(Melanie Janzen and Catherine McGregor, Lunenburg, 2017)
Stage-door.com Review by Christopher Hoile
Lunenburg by Norm Foster
Directed by Patricia Vanstone
August 16, 2017 (St Catharines, ON)
Iris: “Who’s going to haul me out of the bathtub?”
The Norm Foster Theatre Festival finishes its second season with a second world premiere by its famously prolific eponymous playwright. Of the six comedies the Festival has presented, Lunenburg, though it does contains lots of laughs, is probably the least typically comedic. It’s a play less about one-liners and farcical situations than a philosophical comedy about healing and coming to understand oneself better. With an ideal cast Lunenburg is not the kind of of comedy that shocks but rather one that envelops you in its warmth.
Foster is often compared to his fellow prolific writers of comedy, Neil Simon in the the US and Alan Ayckbourn in the UK. What sets Foster’s comedies apart from these two is his persistent undercurrent of melancholy and his characters who typically cope with loss, failure or isolation. In Lunenburg these differences come to the fore in a story about a woman from Maine, Iris Oulette, who has recently been widowed by her husband Robert’s death in a plane crash. She has travelled to Lunenburg, Nova Scotia, with her best friend Natalie because she has discovered she has inherited her husband’s house there, one she knew nothing about.
Iris knew that Robert’s job meant that he had to spend half of every month in Lunenburg and half in Maine, but, as she discovers from Charlie, Robert’s next door neighbour in Lunenburg, she knew very little about Robert’s life in Canada. The bombshell Charlie delivers early on in the play (which I regret I must reveal to discuss the action) is that Robert lived in Lunenburg with his wife Jennifer Cleveland, whom he married there five years before he married Iris in the States. Jennifer died with Robert in the same plane crash. Iris, already reeling from grief, is now filled with incomprehension at the four year’s of her husband’s deceit and has to re-evaluate everything she thought she knew of the man who told her she was the “one great love” of his life.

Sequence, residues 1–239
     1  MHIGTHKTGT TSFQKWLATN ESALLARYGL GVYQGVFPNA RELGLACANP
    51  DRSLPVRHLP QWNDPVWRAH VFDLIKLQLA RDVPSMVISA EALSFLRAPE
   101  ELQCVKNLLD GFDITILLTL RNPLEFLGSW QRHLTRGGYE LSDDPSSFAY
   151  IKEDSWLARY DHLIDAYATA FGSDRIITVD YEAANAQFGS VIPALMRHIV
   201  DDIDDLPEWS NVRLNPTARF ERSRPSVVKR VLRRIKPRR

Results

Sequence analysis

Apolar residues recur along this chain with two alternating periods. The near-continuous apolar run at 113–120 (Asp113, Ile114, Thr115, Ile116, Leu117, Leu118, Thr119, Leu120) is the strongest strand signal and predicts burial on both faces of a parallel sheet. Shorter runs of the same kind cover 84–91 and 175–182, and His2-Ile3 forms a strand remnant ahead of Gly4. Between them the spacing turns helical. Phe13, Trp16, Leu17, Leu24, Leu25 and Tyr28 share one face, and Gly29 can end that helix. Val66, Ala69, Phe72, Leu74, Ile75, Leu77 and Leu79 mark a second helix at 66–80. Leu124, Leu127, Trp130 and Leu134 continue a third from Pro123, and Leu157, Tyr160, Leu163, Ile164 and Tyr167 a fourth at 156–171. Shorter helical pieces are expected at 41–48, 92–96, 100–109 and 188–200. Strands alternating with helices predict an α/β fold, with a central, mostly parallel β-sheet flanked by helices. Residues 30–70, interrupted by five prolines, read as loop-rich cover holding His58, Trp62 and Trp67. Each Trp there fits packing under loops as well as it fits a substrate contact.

This is hardly the set-up one would expect of a comic play and, indeed, much of the time the play feels much more like a mystery than a comedy as Iris discovers more about Jennifer. Where comedy most clearly enters the action is in the person of Natalie. Natalie, feeling that as Iris’s best friend she must do everything she can to console her, discovers that she really is no good at such a task. When Charlie, who doesn’t waste any time, admits that he was instantly smitten with Natalie, she has to admit she was instantly smitten with him. They resolve to make the most of the short time Natalie will be in Lunenburg while Iris decides what to do with the house. This leads to increasingly pressing incidents where Natalie is torn between her duty to her best friend and her attraction to Charlie – each one ending to Iris’s disadvantage.
(Peter Krantz, Catherine McGregor and Melanie Janzen, Lunenburg, 2017)
What Foster never says but what the action implies is that Natalie’s unintended neglect of Iris may be exactly what Iris needs. Time alone for reflection is really what helps her to heal and as she heals the uncompromising strength of her personality comes forth. Both Charlie and Natalie are divorced and both have twentysomething children from whom they have become estranged. As Iris becomes stronger she becomes more insistent that Charlie and Natalie should take action to heal the rifts that have formed with their own children.